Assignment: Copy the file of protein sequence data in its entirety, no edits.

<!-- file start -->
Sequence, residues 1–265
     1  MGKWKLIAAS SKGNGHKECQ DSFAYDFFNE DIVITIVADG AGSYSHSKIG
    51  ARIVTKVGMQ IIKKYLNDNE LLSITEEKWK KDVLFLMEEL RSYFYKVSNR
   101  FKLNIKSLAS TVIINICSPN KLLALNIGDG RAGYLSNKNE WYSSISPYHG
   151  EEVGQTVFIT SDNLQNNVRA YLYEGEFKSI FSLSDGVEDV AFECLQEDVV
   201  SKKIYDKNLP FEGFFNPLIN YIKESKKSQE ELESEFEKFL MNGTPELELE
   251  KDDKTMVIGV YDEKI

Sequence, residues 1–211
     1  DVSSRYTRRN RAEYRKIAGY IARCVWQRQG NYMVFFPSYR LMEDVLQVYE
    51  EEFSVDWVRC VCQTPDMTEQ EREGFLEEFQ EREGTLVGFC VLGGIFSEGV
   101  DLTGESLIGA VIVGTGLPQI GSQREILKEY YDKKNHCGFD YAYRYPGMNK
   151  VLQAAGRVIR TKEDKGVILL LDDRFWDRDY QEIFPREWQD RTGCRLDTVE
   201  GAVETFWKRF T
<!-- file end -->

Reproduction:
Sequence, residues 1–265
     1  MGKWKLIAAS SKGNGHKECQ DSFAYDFFNE DIVITIVADG AGSYSHSKIG
    51  ARIVTKVGMQ IIKKYLNDNE LLSITEEKWK KDVLFLMEEL RSYFYKVSNR
   101  FKLNIKSLAS TVIINICSPN KLLALNIGDG RAGYLSNKNE WYSSISPYHG
   151  EEVGQTVFIT SDNLQNNVRA YLYEGEFKSI FSLSDGVEDV AFECLQEDVV
   201  SKKIYDKNLP FEGFFNPLIN YIKESKKSQE ELESEFEKFL MNGTPELELE
   251  KDDKTMVIGV YDEKI

Sequence, residues 1–211
     1  DVSSRYTRRN RAEYRKIAGY IARCVWQRQG NYMVFFPSYR LMEDVLQVYE
    51  EEFSVDWVRC VCQTPDMTEQ EREGFLEEFQ EREGTLVGFC VLGGIFSEGV
   101  DLTGESLIGA VIVGTGLPQI GSQREILKEY YDKKNHCGFD YAYRYPGMNK
   151  VLQAAGRVIR TKEDKGVILL LDDRFWDRDY QEIFPREWQD RTGCRLDTVE
   201  GAVETFWKRF T